Export control legislation
'Export' means the physical removal of goods or the transfer (by any means) of technology or software and/or knowledge from the UK to a destination outside the UK, including via email, fax, video-conferences and shared data environments.
'Technology' means 'specific information' necessary for the 'development', 'production' or 'use' of goods or software that is not in the public domain.
Does the legislation apply to my research?
There will be some areas of research and collaboration where researchers should always take advice. These are commonly known as the 'red flags'. All activity that raises any weapons of mass destruction (WMD)-end use control concerns is for example an automatic 'red flag'.
Download further information:
- If your work involves conceiving, developing or using 'military, security and para-military goods, software, technology or arms, ammunition and related material' that are on the 'military list', for export to any country, you must apply to the ECO for a licence.
- If your research involves conceiving, developing or using 'dual use' items that have military and civil applications, including lasers, autonomous vehicle systems and imaging equipment, and that are on the 'dual Use list', you must apply to the ECO for a licence to export outside the European Union.
Check whether your work – technology, equipment, materials, software or know-how – is on any of the UK strategic control lists.
If you are in any doubt, contact the ECO.
Even if your work does not seem to relate to one of the strategic control lists, carefully consider whether there are any WMD or military end use concerns about your customer or other overseas entities involved in your proposed export.
There is a need to be particularly alert when working with parties from certain countries which are either subject to arms, trade or other sanctions, embargoes or, more commonly, when there are concerns about military/weaponry/terrorist activities. Click here to check current arms embargoes and other restrictions.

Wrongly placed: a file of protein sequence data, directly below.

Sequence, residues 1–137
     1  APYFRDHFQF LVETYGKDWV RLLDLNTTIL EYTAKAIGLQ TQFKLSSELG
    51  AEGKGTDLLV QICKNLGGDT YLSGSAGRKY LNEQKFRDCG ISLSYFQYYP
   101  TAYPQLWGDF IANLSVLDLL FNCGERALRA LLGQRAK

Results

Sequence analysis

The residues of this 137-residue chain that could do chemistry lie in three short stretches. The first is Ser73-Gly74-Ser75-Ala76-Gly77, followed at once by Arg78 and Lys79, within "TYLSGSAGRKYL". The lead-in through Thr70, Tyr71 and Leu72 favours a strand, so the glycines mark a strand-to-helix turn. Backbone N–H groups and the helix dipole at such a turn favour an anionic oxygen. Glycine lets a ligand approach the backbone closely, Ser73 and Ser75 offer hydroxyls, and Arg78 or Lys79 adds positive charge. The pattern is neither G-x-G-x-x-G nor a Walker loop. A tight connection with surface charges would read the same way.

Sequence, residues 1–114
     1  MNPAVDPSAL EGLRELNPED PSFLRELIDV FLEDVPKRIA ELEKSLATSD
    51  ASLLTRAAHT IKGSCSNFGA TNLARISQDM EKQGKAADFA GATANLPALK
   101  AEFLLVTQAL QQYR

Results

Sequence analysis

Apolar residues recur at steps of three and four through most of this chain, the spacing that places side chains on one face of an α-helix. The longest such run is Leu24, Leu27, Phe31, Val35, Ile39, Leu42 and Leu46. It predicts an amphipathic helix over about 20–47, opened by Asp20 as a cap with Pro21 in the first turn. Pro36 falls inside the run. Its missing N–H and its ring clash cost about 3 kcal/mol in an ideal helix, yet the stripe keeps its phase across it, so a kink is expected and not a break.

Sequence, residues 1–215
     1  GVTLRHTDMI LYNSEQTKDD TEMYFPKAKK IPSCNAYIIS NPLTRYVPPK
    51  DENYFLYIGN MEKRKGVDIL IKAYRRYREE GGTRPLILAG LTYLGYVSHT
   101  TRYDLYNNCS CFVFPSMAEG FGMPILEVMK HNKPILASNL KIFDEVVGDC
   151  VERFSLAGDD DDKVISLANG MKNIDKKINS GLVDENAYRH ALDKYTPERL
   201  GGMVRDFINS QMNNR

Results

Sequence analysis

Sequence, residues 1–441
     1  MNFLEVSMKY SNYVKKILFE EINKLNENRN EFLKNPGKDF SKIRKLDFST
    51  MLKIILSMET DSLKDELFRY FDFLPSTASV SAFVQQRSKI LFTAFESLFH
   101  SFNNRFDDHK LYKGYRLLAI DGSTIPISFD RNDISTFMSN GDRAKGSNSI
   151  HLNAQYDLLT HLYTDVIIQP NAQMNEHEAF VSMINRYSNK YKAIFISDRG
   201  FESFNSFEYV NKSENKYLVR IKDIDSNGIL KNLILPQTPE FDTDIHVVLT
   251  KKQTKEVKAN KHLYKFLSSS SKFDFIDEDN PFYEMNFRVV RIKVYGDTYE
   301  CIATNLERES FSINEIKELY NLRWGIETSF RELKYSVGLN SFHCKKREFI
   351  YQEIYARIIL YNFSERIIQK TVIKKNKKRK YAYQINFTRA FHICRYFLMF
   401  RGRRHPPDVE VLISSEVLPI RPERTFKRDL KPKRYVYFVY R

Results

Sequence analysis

Note: Other controls apply if you are planning to export other categories of goods such as medicines, animal products, plant material, arts or antiques. These are not the focus of this page.
Information security is vital for those working on security-sensitive research: security of data, prototypes, building layouts, software, drawings, chemical formulae, human or animal vaccines etc.
The University organised a national workshop on ‘Export Controls and Acedemia’ held in Oxford in November 2016, led by Adrian Bond (ECO) and Ian Stewart (KCL).
It is suggested that academic researchers may find it helpful to think about intellectual property, information security and export controls as three points of a triangle, and to consider them together.
The government's higher education guide and toolkit on export controls provides:
- a broad summary of UK export controls in relation to academia
- an explanation of where the various exemptions apply
- a discussion of what this means in practice for academics
- a decision tree
- illustrative case studies